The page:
Should Opponents of Injustice Join Forces?


Should Opponents of Injustice Join Forces?

Societal division and violent expression

In my long life, I’ve not seen or heard of a time when this country was more divided than today, and those whose views differ less willing to listen to each other, let alone entertain the thought of compromise. The outcome of this stubborn and irrational approach to local, national and international problems looks bleak, and the risk of violent revolutions and even a World War III, with nuclear weapons, is talked about glibly as a real possibility, by various national leaders, and those looking for an audience. The Doomsday Clock of the Bulletin of the Atomic Scientists was moved in 2017 a half minute closer to midnight (11:57:30). What does that ‘mean’? Really nothing objective. But all such scare tactics do illustrate that marketing is the primary method of politicians and those whose interests they serve, which clearly are not ‘in the public interest’.

In any case, war is not inevitable today. It never was. America’s war with England, the Civil War, World Wars I and II, the Korean ‘Conflict’, the wars in Vietnam, the Balkans, Iraq, Afghanistan, and Syria might not have occurred if various decisions and events – some of which were purely accidental – had gone another direction. One instance of “hundreds of turning points” Jamie Malanowki discusses in his HistoryNet article “Was the War Inevitable?” (5-2-2017), relates to the influence of an impassioned speech given by abolitionist John Brown at his trial. Here is part of that oratory, which was reported in the press, defiantly calling on slaves everywhere to follow his example:

“I believe that to have interfered as I have done—as I have always freely admitted I have done—in behalf of His despised poor, was not wrong, but right… Now if it is deemed necessary that I should forfeit my life for the furtherance of the ends of justice, and mingle my blood further with the blood of my children and with the blood of millions in this slave country whose rights are disregarded by wicked, cruel, and unjust enactments – I submit; so let it be done!”

The piece was widely distributed in the North and South. Its  message brought fear to slave-holders, and largely unified them against the North, when previously they had been divided. It was a strange accident that Brown was able to deliver it. After his botched 1859 attack on an armory near Harper’s Ferry, Brown holed up in the armory, with some followers and hostages, and was quickly surrounded by a company of Confederate marines, under Lieutenant Israel Greene. When he refused to surrender, Lieutenant Greene’s company attacked, and Greene himself struck blows to Brown’s head and chest with his sabre.  That surely would have killed him then and there, but for the fact that Greene had put on his dress sword by mistake, which was very flimsy, as he later reported, and was “bent double, as it was left by a thrust upon Brown’s breast”.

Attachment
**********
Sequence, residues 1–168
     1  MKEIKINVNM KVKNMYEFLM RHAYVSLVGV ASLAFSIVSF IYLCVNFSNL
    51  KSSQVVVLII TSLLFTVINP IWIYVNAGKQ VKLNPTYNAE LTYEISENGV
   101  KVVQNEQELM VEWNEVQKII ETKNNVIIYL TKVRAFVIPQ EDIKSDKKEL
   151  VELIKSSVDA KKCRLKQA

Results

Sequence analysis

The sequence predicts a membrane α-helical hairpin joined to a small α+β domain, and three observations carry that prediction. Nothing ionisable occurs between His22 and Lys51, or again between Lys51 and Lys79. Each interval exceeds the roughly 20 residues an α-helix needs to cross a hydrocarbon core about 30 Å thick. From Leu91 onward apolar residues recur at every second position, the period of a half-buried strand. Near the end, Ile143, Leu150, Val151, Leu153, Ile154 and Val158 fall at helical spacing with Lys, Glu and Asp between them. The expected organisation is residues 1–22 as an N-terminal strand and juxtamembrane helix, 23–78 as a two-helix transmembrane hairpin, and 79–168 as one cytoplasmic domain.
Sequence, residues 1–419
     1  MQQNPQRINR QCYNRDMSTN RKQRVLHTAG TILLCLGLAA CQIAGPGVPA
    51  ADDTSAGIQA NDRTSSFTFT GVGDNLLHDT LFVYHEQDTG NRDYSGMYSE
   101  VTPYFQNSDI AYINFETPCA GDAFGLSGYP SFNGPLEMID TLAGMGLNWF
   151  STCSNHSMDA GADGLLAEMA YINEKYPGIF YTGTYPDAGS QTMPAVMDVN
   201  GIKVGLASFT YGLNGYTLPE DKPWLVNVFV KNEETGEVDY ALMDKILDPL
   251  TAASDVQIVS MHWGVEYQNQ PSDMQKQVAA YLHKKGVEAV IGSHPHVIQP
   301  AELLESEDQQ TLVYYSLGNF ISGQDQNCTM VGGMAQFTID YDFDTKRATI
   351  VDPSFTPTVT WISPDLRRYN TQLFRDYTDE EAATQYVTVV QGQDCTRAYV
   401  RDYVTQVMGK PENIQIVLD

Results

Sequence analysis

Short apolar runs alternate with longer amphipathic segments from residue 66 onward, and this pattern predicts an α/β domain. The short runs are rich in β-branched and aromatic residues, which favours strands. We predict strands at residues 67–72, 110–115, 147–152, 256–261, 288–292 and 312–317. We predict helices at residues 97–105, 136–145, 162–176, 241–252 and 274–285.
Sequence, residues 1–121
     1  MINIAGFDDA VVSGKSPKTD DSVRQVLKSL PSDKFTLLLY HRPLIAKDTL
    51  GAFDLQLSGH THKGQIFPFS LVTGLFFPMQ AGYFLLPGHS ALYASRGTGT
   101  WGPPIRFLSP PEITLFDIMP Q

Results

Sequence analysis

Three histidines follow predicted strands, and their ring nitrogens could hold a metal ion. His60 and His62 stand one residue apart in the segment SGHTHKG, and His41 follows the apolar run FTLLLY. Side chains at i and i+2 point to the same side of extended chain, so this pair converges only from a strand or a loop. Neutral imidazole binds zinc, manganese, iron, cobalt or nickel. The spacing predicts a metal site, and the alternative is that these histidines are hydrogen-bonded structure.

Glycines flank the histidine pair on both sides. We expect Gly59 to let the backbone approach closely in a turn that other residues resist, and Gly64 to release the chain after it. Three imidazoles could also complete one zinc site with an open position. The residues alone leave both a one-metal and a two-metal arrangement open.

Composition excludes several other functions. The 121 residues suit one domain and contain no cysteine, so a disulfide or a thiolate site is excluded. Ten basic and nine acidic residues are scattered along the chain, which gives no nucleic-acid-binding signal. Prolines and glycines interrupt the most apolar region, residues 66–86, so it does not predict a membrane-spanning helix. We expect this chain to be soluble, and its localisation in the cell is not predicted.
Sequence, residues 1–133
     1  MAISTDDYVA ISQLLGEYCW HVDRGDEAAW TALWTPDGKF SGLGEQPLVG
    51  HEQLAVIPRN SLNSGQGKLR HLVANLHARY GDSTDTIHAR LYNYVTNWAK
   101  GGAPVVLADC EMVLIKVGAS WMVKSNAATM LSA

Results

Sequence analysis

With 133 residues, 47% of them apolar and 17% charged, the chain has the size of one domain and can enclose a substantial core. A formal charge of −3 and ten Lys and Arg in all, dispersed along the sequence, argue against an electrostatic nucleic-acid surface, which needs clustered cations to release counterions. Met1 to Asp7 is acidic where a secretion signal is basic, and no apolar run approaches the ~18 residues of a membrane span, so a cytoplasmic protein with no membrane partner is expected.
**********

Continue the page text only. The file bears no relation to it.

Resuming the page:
This fluke is only one of the countless accidents, mistakes and decisions that might have gone another way, influencing the time, character and even existence of wars involving America. As this story shows, they are not inevitable. This suggests that well-intentioned and well-informed people can work to lessen the probability and the destructive character of conflict.

It’s not hard to see extreme divisions also exist within and among other nations, both in Europe and the so-called developed Western world, as well as in developing and ‘third world’ regions. Following ideas of Emanuel Swedenborg, I believe all this divisiveness, here and around the world, ultimately rests on two aspects of human nature: (1) our desire to dominate others, which has no self-imposed limit, and (2) our desire to gratify ourselves, regardless of harm to others. They constitute aspects of our minds, or spiritual characters, which have degenerated, so to speak, over many ages of giving favor to worldly desires and beliefs; but they are spiritual nonetheless. They constitute the birth conditions of our minds or spirits at birth, at least as old as language (which makes deceit possible). What I call the ‘culture of modernity’ increasingly allows these traits free expression, in extremes of competition, inequity and breakdown of community and social order.

What is injustice?

However, I don’t want to focus here on these unhappy trends, which amount to spiritual degeneration.  Nor can I say how they can be counteracted, which is a question of moral growth, and altering motives, which philosophy can’t accomplish.  Injustice, I believe, is easier to see than motives, and easier to combat than moral decay. That’s the point to which this post speaks: “Should opponents of injustice join forces?”

My quick answer is “No”. But before discussing that claim, we need to understand what the question means, and  define terms. (This is a habit of most philosophers – for which they are sometimes ridiculed – depending on how obvious the terms seem. This remains to be seen.) The key term here is “injustice”. We would know it if we knew what justice is.

Now that question – What is justice? –  is very old. It’s the central problem around which Plato (the greatest philosopher in western history) wrote his most important work, The Republic. Like most of Plato’s dialogs, it’s an extended discussion by Socrates (Plato’s teacher, and literary spokesman) with friends (chiefly Glaucon and Adeimantos – Plato’s brothers). The topics vary, but all relate to two main questions – what justice is, and whether we should live justly. In the process, they discuss qualities and illustrations of just (virtuous) and unjust (vicious) persons, as well as just (well-guided) and bad (misguided) cities and governments. For generations, Plato interpreters (mostly philosophers) have argued over whether he thinks justice is more a matter of virtue (individual moral character) or of politics (group welfare in a state), or equally of both. I would add that his views changed ove time.